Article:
At a glance
If you disagree with the results of your child’s school evaluation, you can request an independent educational evaluation, or IEE.
IDEA requires the school to pay for an IEE in certain situations.
An IEE at public expense is not the same as a typical private evaluation.
Do you disagree with the results of your child’s school evaluation? Or are you worried it wasn’t thorough enough? You have a right to request an (IEE) under the (IDEA). And it’s not just an IEE you have a right to — it’s one at public expense.
Here’s what you need to know about IEEs.
What an independent educational evaluation (IEE) is
As a parent or guardian, you always have the right to a private evaluation. Families usually pay for this on their own. But sometimes the school may agree or be forced to pay. When this happens, it’s called an independent educational evaluation at public expense.
An IEE at public expense is different from a typical private evaluation. It’s still a private evaluation performed by a qualified professional. But the school pays for it. And the evaluator is picked from an approved list of professionals who do not work for the district.
An IEE has to meet the same standards that are required of a school evaluation. For instance, the credentials of the evaluator and the location of the evaluation have to be comparable to the school’s. The school has to tell you what those standards are. Other than that, the school can’t put any other conditions or deadlines in place.
Your legal right to request an IEE
IDEA gives you the right to request that the school pay for an IEE if you disagree with the results of the school’s evaluation. Here are some other reasons you might ask for an IEE:
- The school evaluation didn’t find evidence of a disability, but you think it’s wrong.
- You don’t think the disability your child has been diagnosed with is correct, or you think the results of the testing aren’t accurate.
- The school’s evaluation didn’t examine all the issues you think it should have.
It’s important to know that when you disagree with an evaluation, you only have the right to one IEE request for each evaluation the school conducts.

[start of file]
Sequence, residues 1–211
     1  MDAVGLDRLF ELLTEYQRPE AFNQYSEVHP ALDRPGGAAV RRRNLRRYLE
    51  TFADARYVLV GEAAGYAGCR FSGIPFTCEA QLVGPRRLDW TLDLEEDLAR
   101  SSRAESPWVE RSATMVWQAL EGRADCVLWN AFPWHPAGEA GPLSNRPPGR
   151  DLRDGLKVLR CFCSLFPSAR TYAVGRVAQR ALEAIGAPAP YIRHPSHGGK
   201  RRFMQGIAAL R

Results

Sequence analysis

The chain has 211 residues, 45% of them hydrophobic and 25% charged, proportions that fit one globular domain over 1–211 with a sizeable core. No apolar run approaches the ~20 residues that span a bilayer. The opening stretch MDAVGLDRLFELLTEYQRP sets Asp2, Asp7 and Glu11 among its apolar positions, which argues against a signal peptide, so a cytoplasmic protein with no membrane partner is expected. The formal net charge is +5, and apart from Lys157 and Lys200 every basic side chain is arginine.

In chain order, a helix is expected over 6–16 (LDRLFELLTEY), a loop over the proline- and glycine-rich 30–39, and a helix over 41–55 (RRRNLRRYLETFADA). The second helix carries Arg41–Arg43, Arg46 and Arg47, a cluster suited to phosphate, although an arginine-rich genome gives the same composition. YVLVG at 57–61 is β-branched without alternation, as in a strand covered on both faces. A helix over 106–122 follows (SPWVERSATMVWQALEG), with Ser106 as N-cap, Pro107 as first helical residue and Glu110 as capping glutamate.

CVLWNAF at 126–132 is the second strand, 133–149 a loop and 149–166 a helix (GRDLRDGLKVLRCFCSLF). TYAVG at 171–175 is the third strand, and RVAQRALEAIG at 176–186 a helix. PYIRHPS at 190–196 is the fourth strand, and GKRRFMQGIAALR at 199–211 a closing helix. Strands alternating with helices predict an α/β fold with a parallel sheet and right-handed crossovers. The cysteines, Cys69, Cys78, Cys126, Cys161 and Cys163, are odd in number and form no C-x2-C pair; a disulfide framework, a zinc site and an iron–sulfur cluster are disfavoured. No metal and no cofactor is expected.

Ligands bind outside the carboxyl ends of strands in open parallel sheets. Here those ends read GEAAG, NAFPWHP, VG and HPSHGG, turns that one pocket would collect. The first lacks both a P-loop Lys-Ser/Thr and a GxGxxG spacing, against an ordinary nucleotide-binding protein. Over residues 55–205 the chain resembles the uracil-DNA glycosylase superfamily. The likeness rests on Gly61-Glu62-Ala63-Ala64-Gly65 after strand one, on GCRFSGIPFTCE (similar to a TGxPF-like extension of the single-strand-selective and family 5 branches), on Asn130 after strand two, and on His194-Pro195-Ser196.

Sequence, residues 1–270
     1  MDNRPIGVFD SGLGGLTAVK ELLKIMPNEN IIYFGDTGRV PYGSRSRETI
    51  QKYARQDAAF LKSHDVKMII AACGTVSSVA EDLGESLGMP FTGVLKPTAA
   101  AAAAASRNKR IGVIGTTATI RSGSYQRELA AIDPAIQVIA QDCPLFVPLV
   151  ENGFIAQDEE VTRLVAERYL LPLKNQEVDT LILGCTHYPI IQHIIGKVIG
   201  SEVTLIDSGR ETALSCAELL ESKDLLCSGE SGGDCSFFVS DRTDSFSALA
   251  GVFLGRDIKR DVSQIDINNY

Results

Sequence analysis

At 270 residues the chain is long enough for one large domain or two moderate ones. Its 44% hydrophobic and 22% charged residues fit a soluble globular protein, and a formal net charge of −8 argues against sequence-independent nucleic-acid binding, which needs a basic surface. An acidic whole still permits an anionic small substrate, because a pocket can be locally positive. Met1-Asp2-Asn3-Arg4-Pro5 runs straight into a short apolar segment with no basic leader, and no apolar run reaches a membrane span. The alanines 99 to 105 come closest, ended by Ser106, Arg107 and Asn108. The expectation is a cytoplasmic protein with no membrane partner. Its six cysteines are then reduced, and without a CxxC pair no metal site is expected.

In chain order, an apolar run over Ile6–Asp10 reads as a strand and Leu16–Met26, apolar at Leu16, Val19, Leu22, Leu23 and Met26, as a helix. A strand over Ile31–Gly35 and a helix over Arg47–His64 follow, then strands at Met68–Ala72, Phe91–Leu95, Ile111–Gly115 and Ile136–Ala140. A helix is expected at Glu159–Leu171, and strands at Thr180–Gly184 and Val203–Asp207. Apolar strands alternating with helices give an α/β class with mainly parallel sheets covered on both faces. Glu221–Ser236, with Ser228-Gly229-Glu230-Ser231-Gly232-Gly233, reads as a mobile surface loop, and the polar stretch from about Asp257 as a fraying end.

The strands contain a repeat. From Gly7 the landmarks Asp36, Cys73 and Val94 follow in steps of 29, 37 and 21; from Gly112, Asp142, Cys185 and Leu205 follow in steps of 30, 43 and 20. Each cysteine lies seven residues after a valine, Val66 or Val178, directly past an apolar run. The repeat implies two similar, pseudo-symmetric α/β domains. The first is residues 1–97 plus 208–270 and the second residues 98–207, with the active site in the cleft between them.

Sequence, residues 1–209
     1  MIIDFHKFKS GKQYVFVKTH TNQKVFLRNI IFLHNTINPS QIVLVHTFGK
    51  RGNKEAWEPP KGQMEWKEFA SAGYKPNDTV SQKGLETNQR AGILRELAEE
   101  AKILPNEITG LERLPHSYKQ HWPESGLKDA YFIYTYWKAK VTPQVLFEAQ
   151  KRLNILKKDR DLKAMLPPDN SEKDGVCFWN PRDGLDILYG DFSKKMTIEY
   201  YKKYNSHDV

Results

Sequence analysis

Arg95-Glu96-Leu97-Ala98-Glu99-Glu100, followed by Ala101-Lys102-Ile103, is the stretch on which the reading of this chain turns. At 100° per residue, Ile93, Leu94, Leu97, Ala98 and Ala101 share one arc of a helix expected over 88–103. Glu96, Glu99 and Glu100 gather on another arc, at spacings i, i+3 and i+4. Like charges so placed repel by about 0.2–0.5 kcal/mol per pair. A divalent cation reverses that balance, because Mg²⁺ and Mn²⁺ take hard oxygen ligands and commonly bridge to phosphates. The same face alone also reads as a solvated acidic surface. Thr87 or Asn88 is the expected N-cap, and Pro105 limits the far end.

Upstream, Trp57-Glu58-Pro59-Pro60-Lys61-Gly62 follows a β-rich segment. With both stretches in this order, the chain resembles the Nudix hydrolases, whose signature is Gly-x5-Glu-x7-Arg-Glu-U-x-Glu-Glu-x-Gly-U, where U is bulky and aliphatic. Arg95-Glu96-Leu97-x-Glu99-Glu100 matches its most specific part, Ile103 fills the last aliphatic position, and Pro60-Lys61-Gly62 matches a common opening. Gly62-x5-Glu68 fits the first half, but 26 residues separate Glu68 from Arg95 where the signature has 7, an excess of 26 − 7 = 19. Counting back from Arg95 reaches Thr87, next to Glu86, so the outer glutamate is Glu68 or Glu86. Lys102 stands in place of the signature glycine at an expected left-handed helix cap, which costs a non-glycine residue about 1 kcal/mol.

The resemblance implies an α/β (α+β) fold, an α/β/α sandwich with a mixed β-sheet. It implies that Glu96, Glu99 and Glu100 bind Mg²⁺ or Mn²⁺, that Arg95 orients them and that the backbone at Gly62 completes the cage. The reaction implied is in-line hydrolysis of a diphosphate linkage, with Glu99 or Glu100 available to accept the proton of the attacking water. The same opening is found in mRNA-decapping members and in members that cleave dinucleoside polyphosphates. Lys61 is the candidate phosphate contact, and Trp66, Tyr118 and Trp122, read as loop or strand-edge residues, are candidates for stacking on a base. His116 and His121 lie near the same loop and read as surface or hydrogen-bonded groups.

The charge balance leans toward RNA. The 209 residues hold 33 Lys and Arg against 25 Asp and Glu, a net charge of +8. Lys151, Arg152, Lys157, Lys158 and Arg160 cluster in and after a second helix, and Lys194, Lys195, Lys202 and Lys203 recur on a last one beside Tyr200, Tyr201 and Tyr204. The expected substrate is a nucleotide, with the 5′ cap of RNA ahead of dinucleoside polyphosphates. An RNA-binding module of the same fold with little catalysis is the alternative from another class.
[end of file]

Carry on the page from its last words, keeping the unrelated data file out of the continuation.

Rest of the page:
How schools may respond to IEE requests
The school may agree to pay for the IEE. But in some cases, the school may push back. The school can’t simply refuse your request, however. If it feels an IEE isn’t needed, it must ask for a due process hearing to say why its evaluation is correct.
During the hearing, the school must show that the evaluation it did was right for your child. If it fails to do so, the hearing officer will decide that the school has to pay for the IEE.
Before a decision is made, the school can ask you why you don’t agree with its evaluation. By law, however, IDEA says you don’t have to provide an explanation. It also says the school can’t cause “unreasonable delays” in scheduling and paying for the IEE, or in filing for due process.
If you do want to explain why you disagree with the school’s initial evaluation, it’s important to be prepared. You may want to speak with an attorney before attending the hearing.
How schools use IEE results
The results of the IEE have to be considered by the school to make sure it’s providing your child with a (FAPE).
Also, the results can be used as evidence in future due process hearings. That’s worth knowing in case the results aren’t that different from the school’s evaluation and you have to decide on your next steps.
If you share outside evaluation results with the school, the results become part of your child’s educational record. The school must consider those results. But it doesn’t have to agree with the findings.
An IEE has to meet the same standards that are required of a school evaluation.
The school may push back on your request for an IEE at public expense.
The school has to consider the results of an IEE to make sure your child receives a free appropriate public education.
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About the author
About the author
Amanda Morin is the author of “The Everything Parent’s Guide to Special Education” and the former director of thought leadership at Understood. As an expert and writer, she helped build Understood from its earliest days.